On Sunday, when Brenton Doyle won the National League Center Field Rawlings Gold Glove, he made history, becoming the first NL rookie outfielder ever to win the prestigious award.
He also became the second Rockie — Nolan Arenado was the first — to win a Gold Glove as a rookie. And he joined Larry Walker and Carlos González as the only Colorado Rockies outfielders ever to win this award.
People who have not been paying attention to the the rookie’s outstanding season were skeptical, as the replies to this tweet illustrate.
So, for those who have not been keeping up with the best center fielder in baseball, here’s a quick explainer.
Doyle had the highest Fielding Run Value (21) of any MLB player; his 16 Outs Above Average were the most for any center fielder; he had 19 Defensive Runs Saved, again, the most for any centerfielder and fourth overall; and his Ultimate Zone Rating of 24.5 was by far the best of any MLB player. Add to that his Arm Strength (96.1, sixth in MLB) and Arm Value (7 Fielder Runs, second only to Nolan Jones), and you’re beginning to get a sense of just how extraordinary his rookie campaign was. Added to all that, he made just one error in 348 attempts (.997 Fielding Percentage).
And did I mention that he accumulated these numbers while spending half of his games patrolling Coors Field, the most-challenging outfield in MLB?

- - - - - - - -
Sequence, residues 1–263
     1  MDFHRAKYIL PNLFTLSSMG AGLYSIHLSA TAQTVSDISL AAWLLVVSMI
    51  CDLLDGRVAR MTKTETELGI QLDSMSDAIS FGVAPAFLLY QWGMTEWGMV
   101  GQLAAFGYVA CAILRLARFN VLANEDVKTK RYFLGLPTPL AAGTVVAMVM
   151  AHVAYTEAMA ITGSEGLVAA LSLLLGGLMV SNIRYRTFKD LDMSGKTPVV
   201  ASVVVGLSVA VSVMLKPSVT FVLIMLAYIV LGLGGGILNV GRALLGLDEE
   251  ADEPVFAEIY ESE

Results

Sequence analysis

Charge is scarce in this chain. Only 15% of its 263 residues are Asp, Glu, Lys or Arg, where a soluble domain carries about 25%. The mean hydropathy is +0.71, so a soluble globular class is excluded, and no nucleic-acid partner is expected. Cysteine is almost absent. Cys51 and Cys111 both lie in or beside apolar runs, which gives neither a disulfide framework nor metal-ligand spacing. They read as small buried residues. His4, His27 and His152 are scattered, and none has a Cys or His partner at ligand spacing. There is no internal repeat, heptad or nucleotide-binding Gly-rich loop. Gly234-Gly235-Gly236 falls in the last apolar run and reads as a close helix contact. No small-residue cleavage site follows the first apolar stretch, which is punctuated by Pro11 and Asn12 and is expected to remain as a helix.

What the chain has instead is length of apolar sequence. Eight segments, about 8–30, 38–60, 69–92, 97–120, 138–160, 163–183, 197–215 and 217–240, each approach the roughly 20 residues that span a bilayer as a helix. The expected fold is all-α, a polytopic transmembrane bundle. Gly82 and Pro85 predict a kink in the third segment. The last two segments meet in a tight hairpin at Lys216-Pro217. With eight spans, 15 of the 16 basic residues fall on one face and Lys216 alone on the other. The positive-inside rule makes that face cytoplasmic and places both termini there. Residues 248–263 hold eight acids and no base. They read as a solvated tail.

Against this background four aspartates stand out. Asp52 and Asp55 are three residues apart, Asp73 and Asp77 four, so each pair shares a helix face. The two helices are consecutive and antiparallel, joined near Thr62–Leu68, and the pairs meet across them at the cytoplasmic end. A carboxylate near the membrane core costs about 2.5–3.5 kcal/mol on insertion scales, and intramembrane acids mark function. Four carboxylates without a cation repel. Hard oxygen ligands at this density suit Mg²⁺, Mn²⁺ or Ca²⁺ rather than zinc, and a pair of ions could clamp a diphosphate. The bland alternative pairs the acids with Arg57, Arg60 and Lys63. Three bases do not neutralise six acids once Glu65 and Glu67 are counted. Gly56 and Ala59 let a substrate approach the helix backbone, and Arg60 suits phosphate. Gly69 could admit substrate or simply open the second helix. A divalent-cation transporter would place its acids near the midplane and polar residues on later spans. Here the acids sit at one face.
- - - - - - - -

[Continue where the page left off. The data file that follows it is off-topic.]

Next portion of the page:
So, yes, he earned this award.
Doyle, however, was modest about his accomplishment.
“Definitely just super honored, even to be considered as a finalist” he said. “As a rookie and a guy like me that’s come from a small school [Shepherd University] and small background, it’s definitely a rewarding feeling, and a lot of my hard work throughout the season definitely paid off.”
In a new twist on on the Coors Effect, however, Doyle sees the expansive outfield as giving him a defensive advantage on the road.
“Just having Coors the size [it is] and the gaps it has make a lot of fields seem tiny,” Doyle said.
“It’s crazy, but we would go to some of these fields, and I’m like, ‘Geez, it looks like Nolan or Charlie or whoever is playing next to me is right next to me. I can easily cover whatever is hit over there, no matter how hard it’s hit or whatever.’”
He added, “I love having Coors as our home field because it definitely betters my skillset.”
His rookie season is a highlight reel of gravity-defying catches though he’s quick to select a favorite — not from Coors Field but rather Fenway Park.